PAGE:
Ever since it was announced, fans have been comparing Obsidian’s The Outer Worlds to Fallout. It’s not hard to see why. Not only did Obsidian work on the brilliant Fallout: New Vegas, but they revealed Outer Worlds not long after the…err…fallout from Fallout 76. As it turns out, the team also feels those comparisons are natural.
“First of all it all goes back to Fallout,” said The Outer Worlds co-director Leonard Boyarsky during an E3 interview with Eurogamer. “me and Tim [Cain] were part of the team that created that, so there’s a lot of our DNA in the very feel of a Fallout game or Fallout: New Vegas, and then it’s a first-person RPG so very similar there.”
While Boyarsky doesn’t go so far as to say that The Outer Worlds is picking up the ball so to speak in terms of making The Outer Worlds a kind of spiritual successor to Fallout: New Vegas and the Fallout series, he does seem to feel that some of the game’s design was obviously inspired by some of the team’s work on the Fallout series.
“I think Bethesda did a fantastic job translating the isometric game to first person, so we’re continuing on that path,” said Boyarsky. “I think you’d have to ask people who actually worked on [New Vegas], but from my conversations with them, they were trying to really capture the spirit of the original Fallout with New Vegas, so we know a little bit about that.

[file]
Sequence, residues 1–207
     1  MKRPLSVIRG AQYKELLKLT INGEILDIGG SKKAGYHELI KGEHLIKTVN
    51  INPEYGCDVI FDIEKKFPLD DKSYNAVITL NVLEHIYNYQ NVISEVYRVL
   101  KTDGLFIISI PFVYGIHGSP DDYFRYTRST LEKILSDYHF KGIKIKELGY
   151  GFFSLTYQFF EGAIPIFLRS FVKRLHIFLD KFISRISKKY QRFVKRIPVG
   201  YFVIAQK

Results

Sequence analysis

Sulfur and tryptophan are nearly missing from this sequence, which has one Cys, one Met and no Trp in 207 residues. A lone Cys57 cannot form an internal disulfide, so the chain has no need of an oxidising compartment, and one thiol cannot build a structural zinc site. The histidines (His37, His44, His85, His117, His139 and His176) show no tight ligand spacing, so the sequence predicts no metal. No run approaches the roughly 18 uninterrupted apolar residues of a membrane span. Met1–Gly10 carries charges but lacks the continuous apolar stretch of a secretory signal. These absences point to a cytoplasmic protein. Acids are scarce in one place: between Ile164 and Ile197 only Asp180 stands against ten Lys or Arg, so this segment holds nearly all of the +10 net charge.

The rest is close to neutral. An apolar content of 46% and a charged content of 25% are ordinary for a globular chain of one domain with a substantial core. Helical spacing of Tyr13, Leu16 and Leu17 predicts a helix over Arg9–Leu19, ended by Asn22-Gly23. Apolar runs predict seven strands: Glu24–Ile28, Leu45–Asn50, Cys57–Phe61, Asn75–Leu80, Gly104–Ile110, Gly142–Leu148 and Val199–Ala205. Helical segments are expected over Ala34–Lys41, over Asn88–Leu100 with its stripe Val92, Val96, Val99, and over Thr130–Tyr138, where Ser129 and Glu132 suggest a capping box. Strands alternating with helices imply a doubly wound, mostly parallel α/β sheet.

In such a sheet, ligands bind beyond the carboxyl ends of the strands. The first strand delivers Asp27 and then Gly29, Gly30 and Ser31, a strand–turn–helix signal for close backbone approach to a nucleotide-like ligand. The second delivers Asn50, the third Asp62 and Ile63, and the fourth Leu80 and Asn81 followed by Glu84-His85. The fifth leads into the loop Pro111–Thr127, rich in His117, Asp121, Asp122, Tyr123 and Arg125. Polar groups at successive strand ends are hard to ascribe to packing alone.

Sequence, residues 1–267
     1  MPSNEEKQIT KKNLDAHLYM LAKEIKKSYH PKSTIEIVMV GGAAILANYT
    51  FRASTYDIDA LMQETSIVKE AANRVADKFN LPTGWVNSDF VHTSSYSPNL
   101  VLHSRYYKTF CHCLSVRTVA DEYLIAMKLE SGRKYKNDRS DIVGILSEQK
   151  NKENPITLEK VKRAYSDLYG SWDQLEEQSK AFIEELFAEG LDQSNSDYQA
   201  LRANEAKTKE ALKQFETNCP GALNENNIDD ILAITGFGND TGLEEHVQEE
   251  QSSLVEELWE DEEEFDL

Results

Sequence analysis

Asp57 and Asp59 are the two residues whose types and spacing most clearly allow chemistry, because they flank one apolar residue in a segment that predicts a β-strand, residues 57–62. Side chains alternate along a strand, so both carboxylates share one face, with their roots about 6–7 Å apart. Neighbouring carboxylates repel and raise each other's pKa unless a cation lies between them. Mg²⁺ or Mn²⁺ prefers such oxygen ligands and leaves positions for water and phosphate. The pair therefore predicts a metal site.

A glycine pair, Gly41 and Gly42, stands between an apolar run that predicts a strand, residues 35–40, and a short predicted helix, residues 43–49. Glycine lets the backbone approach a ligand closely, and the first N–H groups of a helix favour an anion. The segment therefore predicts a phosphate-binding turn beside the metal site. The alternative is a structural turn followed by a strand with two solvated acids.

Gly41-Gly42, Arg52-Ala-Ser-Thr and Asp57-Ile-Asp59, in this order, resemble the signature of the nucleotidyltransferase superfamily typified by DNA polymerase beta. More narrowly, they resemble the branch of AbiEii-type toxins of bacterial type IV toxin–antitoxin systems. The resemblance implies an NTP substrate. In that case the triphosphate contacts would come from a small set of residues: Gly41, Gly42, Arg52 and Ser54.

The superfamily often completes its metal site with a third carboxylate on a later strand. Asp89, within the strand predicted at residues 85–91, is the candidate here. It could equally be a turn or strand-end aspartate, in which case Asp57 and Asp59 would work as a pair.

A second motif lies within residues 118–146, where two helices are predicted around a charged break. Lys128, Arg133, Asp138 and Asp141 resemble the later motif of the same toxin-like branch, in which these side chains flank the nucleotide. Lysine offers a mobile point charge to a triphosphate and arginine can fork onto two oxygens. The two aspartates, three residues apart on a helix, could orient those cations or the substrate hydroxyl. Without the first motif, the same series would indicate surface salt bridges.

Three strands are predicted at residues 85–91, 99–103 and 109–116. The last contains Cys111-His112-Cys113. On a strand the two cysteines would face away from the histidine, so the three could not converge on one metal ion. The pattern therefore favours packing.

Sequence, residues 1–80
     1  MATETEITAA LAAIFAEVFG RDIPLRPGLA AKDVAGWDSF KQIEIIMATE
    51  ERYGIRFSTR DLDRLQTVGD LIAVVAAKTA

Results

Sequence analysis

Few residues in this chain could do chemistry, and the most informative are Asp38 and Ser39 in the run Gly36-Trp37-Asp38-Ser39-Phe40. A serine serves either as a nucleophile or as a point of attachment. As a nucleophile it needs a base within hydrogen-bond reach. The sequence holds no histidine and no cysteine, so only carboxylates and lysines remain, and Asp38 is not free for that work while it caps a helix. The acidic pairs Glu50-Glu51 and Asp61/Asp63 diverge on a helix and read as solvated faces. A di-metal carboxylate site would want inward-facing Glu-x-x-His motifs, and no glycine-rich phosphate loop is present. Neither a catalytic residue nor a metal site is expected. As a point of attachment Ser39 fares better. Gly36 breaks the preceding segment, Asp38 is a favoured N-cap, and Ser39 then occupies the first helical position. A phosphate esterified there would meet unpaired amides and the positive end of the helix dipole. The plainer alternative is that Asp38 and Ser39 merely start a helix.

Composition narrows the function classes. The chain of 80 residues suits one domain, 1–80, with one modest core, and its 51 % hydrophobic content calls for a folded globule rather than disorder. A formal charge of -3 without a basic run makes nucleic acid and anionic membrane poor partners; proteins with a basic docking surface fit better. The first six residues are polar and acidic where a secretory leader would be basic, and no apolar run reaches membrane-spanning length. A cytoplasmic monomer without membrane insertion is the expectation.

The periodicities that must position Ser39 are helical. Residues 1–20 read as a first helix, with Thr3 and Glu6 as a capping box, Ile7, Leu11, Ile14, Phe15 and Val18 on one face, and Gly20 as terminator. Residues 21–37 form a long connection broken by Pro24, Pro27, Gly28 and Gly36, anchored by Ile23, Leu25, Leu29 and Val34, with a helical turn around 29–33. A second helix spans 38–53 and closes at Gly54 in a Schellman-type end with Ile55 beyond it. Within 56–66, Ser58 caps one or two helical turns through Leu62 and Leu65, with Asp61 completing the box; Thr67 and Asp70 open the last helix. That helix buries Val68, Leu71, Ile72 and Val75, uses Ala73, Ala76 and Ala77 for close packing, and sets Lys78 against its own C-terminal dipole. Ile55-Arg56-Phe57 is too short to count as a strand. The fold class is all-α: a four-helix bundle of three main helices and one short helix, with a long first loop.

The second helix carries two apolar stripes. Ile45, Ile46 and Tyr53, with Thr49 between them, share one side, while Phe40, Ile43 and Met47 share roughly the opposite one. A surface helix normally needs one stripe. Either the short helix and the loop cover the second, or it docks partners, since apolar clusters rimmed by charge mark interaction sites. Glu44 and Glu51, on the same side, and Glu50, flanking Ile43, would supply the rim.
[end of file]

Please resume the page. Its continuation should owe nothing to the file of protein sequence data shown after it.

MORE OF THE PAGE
The ways in which The Outer Worlds distances itself from Fallout are also quite interesting. That’s especially true of the game’s emphasis on companions. While Obsidian says you’ll still be able to play the “lone wanderer” if you want, they also “felt they’d be more interesting characters if they were more involved with the story, if they reacted to what was going on, and they had their own quests that changed who they were as companions.”
To be honest, we’d be perfectly happy if it turned out that The Outer Worlds was “only” an unofficial sequel to Fallout: New Vegas. Fallout 76 controversy aside (which there is plenty of), this particular friendly neighborhood writer felt that Fallout 4 also failed to feature the things that made the Fallout franchise so notable in the first place.